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Disease pestThe Plague (v. lat. pestis = plague) is a highly contagious disease caused by the bacterium Yersinia pestis is caused. It is originally a zoonosis of rodents (groundhogs, rats, squirrels), in whose populations it can be enzootic. Hence the term "silvanic plague" (from the lat. silva "forest") in the case of people directly infected by them.

In several major pandemics, this disease repeatedly affected significant portions of the world's population, having a lasting impact on human history. The course of European history was marked above all by a major pandemic in 14. Century. However, since at that time any means for an exact diagnosis of the disease as well as clearly usable eyewitness reports were still missing, it is not proven beyond doubt that at that time it was the plague in the actual sense (Yersinia pestis as pathogens) acted. This pandemic is the subject of a separate article entitled Black Death.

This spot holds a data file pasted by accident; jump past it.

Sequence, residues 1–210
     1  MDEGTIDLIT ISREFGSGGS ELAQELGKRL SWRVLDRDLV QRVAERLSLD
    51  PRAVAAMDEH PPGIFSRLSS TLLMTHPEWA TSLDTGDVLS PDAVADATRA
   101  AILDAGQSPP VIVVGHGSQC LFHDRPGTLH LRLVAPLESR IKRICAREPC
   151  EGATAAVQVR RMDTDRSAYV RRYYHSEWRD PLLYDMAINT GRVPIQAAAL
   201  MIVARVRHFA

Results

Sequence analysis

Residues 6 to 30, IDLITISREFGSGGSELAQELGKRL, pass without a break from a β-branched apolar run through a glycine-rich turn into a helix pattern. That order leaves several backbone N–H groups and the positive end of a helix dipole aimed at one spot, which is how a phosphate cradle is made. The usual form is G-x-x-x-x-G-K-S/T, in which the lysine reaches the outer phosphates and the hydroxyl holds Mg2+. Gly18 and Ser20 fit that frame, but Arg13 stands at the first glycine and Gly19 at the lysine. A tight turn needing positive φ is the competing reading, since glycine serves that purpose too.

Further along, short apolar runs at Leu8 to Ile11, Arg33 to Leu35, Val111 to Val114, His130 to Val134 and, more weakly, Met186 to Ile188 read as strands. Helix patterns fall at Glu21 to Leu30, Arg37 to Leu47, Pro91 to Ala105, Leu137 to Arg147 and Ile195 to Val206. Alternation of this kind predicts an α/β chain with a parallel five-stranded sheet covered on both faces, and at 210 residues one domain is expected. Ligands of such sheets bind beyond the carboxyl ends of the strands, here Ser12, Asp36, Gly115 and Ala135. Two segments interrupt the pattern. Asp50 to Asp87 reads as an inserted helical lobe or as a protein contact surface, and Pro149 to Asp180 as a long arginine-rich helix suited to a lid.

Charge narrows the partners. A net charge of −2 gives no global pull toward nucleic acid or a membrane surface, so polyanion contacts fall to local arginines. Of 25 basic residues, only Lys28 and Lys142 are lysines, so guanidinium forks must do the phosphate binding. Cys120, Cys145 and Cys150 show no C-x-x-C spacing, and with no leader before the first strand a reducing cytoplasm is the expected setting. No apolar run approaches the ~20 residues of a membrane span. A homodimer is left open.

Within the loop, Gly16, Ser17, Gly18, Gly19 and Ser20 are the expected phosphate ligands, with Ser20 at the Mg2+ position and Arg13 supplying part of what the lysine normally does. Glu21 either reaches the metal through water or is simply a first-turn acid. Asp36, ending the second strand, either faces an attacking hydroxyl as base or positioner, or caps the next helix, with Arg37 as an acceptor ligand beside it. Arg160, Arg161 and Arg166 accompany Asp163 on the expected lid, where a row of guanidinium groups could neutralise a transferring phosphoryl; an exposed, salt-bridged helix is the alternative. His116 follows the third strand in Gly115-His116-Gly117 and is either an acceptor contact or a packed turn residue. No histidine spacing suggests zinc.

Table of Contents


One distinguishes four manifestations of the plague: Bubonic plague also Bubonic Plague called (lat. bubo "bump"), Plaguepsis, pneumonic plague as well as the abortive plague. During pandemics all forms of the disease occur, but most often bubonic plague and pneumonic plague. Without treatment, bubonic plague almost always develops into plague sepsis, which leads to pneumonic plague.

Bubonic plague

In the case of bubonic plague, infection usually occurs through the bite of a rat flea, which carries the pathogen as an intermediate host. By changing hosts, the bacterium is transferred from an infected to a previously healthy food victim after it has multiplied in the flea.